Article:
5,000 flats for expats under Oman's new ownership law

Oman Saturday 07/November/2020 21:02 PM
By: Times News Service
5,000 flats for expats under Oman's new ownership law
Investments made by expats in the country will help stimulate the economy.

Muscat: Oman’s Ministry of Housing and Urban Planning aims to sell 5,000 flats to expats and foreign investors under its new usufruct scheme permitting non-Omanis to own homes in the country.

Investments made by expats in the country will help stimulate the economy and encourage more people to put money into the Sultanate, instead of taking it overseas. “This decision was made because there are many expats residing in Oman,” said a senior real estate development official, speaking exclusively to Times of Oman.

“If, for example, we target even two per cent of the total number of expatriates and encourage them to invest, then over the next four years, we can earn large amounts of money from the real estate sector,” Deputy D.G of Real Estate Development Saleem Hassan Al Balushi said, explaining the rationale behind the  scheme.

"The ministerial decision was made to convince residents in Oman to benefit from their presence in the country,” he added. “There are some who have stayed in the country for more than 30 years, but have not had this opportunity, but this has now been made available to them.”
Citing the schemes in other countries which allowed residency through property ownership, he said,

“Many countries have employed a similar approach. Residents there have absolute ownership, for a period of up to 99 years, with residency privileges as well as methods to obtain citizenship. Countries benefit from them investing in the real-estate sector. Europe is the best example of this form of investment, and other countries have also adopted this approach.”

The usufruct law, which is governed by Ministerial Resolution No. 357/2020, also guarantees the rights of investors of property, while ensuring there is minimal competition with Omanis looking to buy property.
Multi-storey structure

This has been made possible by enabling non-Omanis to only own property in certain areas, while ensuring that only 40 percent of flats in any of the buildings made available to foreign owners.

People belonging to the same nationality can also own only up to 20 per cent of flats in these complexes, which must be a multi-storey structure designed for both residential and commercial use.

“This will bring down the number of transactions sending money outside the Sultanate, and provide more financial and social stability inside the country,” Al Balushi said.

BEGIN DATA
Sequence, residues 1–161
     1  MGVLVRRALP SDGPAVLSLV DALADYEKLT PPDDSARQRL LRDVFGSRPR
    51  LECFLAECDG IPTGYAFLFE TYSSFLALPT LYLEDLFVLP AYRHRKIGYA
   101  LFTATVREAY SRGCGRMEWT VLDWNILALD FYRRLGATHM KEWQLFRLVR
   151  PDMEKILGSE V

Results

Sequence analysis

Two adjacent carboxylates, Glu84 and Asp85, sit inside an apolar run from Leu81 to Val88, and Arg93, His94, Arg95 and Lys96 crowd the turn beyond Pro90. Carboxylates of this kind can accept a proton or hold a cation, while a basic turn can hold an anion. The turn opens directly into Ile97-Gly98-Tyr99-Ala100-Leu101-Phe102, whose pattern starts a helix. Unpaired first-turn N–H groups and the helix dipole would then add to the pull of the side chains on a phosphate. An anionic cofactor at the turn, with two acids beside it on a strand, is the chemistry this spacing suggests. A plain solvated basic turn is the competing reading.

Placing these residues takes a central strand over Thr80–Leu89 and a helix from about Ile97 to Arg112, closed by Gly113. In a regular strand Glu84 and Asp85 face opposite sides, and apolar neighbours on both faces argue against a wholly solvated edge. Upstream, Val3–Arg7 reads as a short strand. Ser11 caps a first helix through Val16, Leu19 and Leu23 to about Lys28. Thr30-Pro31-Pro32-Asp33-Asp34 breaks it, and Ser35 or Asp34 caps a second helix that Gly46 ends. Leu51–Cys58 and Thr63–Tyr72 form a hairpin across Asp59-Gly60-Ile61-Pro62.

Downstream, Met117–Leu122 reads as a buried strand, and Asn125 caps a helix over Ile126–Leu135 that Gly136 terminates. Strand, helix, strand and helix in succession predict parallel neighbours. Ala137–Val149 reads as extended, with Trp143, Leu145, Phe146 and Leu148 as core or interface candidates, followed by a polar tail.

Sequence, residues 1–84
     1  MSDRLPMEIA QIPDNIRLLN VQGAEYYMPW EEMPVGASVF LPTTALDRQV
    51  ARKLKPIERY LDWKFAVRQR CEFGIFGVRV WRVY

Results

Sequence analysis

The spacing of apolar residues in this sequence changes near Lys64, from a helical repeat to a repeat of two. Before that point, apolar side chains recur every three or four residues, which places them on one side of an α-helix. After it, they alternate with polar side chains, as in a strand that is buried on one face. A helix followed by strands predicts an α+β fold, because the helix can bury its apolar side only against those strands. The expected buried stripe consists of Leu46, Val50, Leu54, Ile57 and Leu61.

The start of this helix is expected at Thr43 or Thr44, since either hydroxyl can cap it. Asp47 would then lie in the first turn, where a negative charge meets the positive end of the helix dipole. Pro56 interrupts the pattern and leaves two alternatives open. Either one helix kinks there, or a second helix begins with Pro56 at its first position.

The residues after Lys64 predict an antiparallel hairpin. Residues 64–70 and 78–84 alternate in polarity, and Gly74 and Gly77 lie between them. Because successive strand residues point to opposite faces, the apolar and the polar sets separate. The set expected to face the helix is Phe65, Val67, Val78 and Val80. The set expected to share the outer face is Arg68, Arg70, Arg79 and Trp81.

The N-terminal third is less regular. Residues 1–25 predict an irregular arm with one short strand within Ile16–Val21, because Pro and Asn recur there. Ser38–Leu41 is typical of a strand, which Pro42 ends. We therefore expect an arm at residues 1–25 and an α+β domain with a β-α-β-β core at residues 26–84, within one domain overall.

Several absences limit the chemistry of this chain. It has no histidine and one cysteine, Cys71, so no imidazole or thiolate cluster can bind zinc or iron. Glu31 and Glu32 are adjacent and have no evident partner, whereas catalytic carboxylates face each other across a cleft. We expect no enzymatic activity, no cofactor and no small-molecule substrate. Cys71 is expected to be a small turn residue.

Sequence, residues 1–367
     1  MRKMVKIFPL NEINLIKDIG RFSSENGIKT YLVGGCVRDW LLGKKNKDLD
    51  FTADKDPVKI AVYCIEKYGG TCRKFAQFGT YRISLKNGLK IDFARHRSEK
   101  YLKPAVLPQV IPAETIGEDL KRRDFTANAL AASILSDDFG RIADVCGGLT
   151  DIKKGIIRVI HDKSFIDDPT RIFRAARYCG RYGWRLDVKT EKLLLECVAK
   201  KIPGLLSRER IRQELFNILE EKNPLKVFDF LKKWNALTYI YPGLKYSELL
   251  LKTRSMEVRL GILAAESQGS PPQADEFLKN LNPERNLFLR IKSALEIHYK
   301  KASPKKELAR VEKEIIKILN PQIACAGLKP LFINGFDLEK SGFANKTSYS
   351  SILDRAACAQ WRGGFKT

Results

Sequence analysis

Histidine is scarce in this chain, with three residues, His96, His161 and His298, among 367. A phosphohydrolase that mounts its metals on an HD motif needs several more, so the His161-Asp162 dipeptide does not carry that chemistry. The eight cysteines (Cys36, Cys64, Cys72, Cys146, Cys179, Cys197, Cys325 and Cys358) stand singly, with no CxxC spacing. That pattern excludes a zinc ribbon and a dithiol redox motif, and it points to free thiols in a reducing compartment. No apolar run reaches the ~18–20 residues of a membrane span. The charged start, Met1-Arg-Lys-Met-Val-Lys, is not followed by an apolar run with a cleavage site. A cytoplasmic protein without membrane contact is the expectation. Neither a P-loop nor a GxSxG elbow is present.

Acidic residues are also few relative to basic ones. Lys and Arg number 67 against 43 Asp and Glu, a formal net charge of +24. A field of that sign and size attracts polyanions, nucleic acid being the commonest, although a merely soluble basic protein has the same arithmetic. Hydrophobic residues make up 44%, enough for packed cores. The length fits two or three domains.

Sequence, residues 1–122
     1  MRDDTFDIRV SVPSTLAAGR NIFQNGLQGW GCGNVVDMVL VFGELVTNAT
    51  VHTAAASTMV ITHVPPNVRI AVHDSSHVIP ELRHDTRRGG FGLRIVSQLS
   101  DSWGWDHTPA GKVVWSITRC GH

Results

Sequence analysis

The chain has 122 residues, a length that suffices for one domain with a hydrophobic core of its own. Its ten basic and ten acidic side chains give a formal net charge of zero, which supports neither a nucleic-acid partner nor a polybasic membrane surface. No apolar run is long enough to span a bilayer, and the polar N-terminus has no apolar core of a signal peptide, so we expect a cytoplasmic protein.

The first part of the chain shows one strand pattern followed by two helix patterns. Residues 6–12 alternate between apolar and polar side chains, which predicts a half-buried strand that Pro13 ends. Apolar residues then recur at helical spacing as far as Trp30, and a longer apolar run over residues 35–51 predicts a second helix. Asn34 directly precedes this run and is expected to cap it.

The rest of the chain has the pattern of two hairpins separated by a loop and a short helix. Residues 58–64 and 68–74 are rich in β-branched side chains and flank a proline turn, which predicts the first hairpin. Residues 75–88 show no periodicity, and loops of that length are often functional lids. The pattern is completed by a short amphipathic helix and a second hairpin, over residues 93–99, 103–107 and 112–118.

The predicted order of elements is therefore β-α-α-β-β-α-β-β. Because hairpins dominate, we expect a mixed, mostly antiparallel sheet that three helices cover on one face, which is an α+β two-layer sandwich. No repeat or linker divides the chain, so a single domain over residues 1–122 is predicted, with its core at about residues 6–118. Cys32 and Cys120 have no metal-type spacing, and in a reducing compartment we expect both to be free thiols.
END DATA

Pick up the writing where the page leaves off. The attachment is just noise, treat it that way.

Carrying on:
“The idea of this is to encourage non-Omanis to invest their savings inside the Sultanate.”

“Residents are permitted to keep their property when their visas expire, and when they go back to their home countries,” he added.

“They are also allowed to sell or bequeath them to others. This is different from ownership inside tourism complexes, such as Al Mouj, Jabal Sifah, Hawana Salalah and Muscat Bay, where freehold properties are sold along with residency.”

That automatic residency was not included as under the usufruct scheme was seconded by Fahad Al Ismaili, the CEO of Tibiaan Properties.

“The contract signed usufruct law does not allow residency for the expat or the foreign investor,” he said.

“If you are going to buy under the usufruct beneficiary law, you are not allowed to get residency from it, at the moment. But the ministry has kept that door open, and there is room available for this in the future.

“Prior to buying these properties, they must also obtain a no objection certificate from the Ministry of Housing so they can enter into this usufruct agreement,” added Al Ismaili.

He went on to say that currently, only expatriates and overseas investors who buy properties in Oman’s integrated tourism complexes (ITCs) are granted residency.

“Non-Omanis could own real estate even previously – before this decision came out – in ITCs,” he added. “They get freehold status there that allows them to get residency visas in Oman with regards to their investment. This is also extended to their first-order family members.”

Al Ismaili explained that because the ruling to allow expats to own residential homes in Oman was still relatively new, more positive changes benefiting homeowners are likely to come in future.

“Maybe as things develop and this matures, I think there may be some other factors introduced into this decision,” he added.

“It is a new step towards foreign investment in real estate, therefore the government is implementing it in a mild manner in the beginning, and hopefully, it will develop further as we see results in the near future.”

“This decision is one that we have awaited for a long time to be introduced in the local market in Oman,” said Al Ismaili.

“The ease of regulations will help diversify the economy, attract foreign investments, and help lower the migration of investments outside Oman. It will also create more appetite for real estate investment in Oman.”